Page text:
Redevelopment of Indian Springs among ideas discussed at squabbling UG Commission meeting

Redevelopment of the former Indian Springs shopping mall site could take the form of an innovation park and an electric vehicle charging destination.

That idea was presented to the UG Commission, along with several others east of 55th Street, on Thursday night. Lavert Murray, the mayor’s economic development adviser, led the effort to present developers. An impressive number of developers presented plans and ideas.

However, the process Thursday night was not part of the UG’s usual planning and zoning pipeline, and Mayor Tyrone Garner pointed out the lack of the UG’s economic development staff at the meeting.

Commissioner Andrew Davis had stated the lack of developer Willie Lanier Jr. at the meeting, and Murray responded that Lanier had been invited. Lanier had been working on a Reardon Center redevelopment project that ended after the current administration took office.

“His project was completely axed,” Davis said at the meeting. “We did not hear about it until March or April. I hope that never happens to you all.”

The UG Commission had been in meetings for about five hours Thursday when some comments were made back and forth about the process of this development event. It was a total of around eight hours of meetings from the time the special session started until the end of the regular meeting. The budget was one of the topics at the special session.

Commissioner Davis encouraged the developers to go through the regular planning process. He told them the staff determines what is feasible and advises the commission. They will need six votes for their plans to pass, he said. “That’s the secret sauce,” Davis said.

Davis also asked Dr. Greg Mosier, president of Kansas City Kansas Community College, about the college’s taxes. Dr. Mosier had been at the meeting to present plans of the planned expansion of the community college on a downtown campus.

He said he had been asked why they are spending money on student housing, and he has replied that, “Our students deserve better.” Students had been renting apartments that were moldy and caused respiratory issues, and the college had to provide better housing. They had to use hotel space, which was more costly than building new housing. They built new student housing on the main campus.

Dr. Mosier said the college has tightened its belt straps, and by providing a downtown campus that teaches students the best in technology, it would raise the standard of living in the county, providing more tax funds eventually for the local governments. The college is frugal and planning for the future, he said, not raising the mill levy in over six years.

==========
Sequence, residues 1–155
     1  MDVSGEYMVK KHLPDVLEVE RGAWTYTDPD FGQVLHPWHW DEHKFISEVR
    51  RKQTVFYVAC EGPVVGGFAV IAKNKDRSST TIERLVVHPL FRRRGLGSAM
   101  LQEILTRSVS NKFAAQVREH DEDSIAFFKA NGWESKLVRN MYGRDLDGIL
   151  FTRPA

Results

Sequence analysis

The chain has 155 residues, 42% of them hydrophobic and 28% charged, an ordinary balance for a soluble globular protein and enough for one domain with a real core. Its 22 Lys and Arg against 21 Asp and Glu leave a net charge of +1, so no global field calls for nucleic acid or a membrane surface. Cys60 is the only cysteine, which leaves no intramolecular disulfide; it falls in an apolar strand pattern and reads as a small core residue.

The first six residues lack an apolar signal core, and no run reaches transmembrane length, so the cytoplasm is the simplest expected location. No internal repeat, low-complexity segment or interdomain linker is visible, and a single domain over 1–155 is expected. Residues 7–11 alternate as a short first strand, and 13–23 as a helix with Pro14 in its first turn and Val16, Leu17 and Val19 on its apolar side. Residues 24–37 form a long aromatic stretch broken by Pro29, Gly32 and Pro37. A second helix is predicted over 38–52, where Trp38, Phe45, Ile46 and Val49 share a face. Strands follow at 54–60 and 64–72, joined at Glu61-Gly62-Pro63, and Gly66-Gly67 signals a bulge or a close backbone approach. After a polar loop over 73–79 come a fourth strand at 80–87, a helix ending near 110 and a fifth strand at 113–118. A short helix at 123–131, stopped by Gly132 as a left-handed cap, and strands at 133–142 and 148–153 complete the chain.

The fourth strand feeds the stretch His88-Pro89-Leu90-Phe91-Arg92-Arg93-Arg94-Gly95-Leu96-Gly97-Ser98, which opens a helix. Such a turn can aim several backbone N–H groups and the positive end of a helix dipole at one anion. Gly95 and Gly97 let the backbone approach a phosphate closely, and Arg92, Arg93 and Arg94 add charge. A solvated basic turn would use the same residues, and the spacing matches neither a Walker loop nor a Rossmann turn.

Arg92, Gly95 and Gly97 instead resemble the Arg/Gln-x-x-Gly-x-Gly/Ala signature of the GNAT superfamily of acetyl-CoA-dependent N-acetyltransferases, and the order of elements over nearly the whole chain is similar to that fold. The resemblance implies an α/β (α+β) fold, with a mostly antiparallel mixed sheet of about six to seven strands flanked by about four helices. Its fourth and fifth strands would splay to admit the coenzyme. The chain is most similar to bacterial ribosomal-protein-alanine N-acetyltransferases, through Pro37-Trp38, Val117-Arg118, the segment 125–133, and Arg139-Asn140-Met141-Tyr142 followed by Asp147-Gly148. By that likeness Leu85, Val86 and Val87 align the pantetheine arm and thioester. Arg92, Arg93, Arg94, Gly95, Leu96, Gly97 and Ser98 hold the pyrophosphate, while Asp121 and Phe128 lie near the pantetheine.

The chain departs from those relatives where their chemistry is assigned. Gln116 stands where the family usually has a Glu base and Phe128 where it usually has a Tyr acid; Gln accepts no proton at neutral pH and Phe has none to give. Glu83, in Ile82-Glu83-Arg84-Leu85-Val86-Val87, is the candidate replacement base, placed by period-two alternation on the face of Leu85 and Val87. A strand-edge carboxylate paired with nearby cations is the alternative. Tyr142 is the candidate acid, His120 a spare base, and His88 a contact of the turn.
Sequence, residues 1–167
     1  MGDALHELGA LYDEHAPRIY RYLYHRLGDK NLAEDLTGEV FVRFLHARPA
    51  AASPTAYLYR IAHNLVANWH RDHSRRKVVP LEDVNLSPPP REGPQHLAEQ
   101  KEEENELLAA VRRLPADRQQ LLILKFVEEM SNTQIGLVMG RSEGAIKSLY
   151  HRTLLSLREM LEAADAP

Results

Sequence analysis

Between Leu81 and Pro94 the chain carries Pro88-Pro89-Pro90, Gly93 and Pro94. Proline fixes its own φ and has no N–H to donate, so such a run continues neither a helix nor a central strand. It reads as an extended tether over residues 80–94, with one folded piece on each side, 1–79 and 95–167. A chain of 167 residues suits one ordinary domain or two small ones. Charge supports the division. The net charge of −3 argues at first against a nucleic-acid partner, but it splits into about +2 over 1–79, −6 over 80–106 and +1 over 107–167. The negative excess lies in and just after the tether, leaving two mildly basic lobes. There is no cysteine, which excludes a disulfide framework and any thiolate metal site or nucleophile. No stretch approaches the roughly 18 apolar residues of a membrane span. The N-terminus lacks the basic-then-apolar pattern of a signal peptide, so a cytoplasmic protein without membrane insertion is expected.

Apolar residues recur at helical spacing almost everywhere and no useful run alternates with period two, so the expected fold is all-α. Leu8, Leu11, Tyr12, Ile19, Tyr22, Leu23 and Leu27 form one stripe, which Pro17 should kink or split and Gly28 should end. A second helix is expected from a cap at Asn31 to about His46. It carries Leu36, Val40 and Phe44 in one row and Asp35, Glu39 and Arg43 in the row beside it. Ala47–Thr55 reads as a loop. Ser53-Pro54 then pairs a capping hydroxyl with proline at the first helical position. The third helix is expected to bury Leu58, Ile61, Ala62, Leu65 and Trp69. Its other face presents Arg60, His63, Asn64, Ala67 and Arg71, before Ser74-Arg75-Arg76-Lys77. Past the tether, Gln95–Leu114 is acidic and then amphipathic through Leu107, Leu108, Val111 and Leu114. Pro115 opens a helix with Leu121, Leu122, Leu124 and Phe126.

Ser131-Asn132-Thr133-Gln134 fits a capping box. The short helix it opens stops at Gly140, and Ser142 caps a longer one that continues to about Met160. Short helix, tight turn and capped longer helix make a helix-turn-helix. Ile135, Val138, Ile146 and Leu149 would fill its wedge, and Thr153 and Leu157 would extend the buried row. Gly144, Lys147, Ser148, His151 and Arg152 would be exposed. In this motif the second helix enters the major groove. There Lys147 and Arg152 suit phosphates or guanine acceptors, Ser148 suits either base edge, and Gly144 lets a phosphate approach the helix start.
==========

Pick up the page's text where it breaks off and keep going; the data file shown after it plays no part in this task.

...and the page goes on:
“I am strategically investing for the future where we have not been able to do that for 20-plus years,” Dr. Mosier said.

Indian Springs site

Erik Murray, developer, told the commission on Thursday about his plan to create a mixed use development on more than 80 acres at the former Indian Springs site. Located at 47th and State, or near I-635 and I-70, Indian Springs would be in a good place for motorists to stop and charge their electric vehicles in the future.

There would be a Comfort Inn hotel planned for the site plus a quick-serve restaurant and retail operation, he said. He added he had financing lined up for the project.

The Indian Springs project had been under redevelopment as a Foodie Park, but that plan also ended as a new administration came in.

Several other developers came forward with plans for development east of 55th Street at Thursday night’s UG meeting.

No action was taken on any of the development projects on Thursday night.

To watch the meetings, which lasted almost eight hours, visit

3 thoughts on “Redevelopment of Indian Springs among ideas discussed at squabbling UG Commission meeting”

  1. Interesting that the commission grilled the community college about a proposed 13.58% increase in mill levy! While the mill levy for the county is projected to increase 13.16% and the city mill levy is projected to increase 13.76%! If these proposed budgets are approved, each and every one of us WyCo residents will have a 10%+ increase in our tax bills. Have services been upgraded or expanded? Not in my part of town. Where does the $$$$$ go?

  2. The community college needs to get off the tax teat. They are the hugest wasters of money and provide little in return. They live on federal and local tax dollars, but keep taking up more and more real estate, for nothing but a 2 year degree, and thats for the ones that even complete that.

  3. A 10% increase in property taxes? A small price to pay to have Tyrone Garner as mayor.

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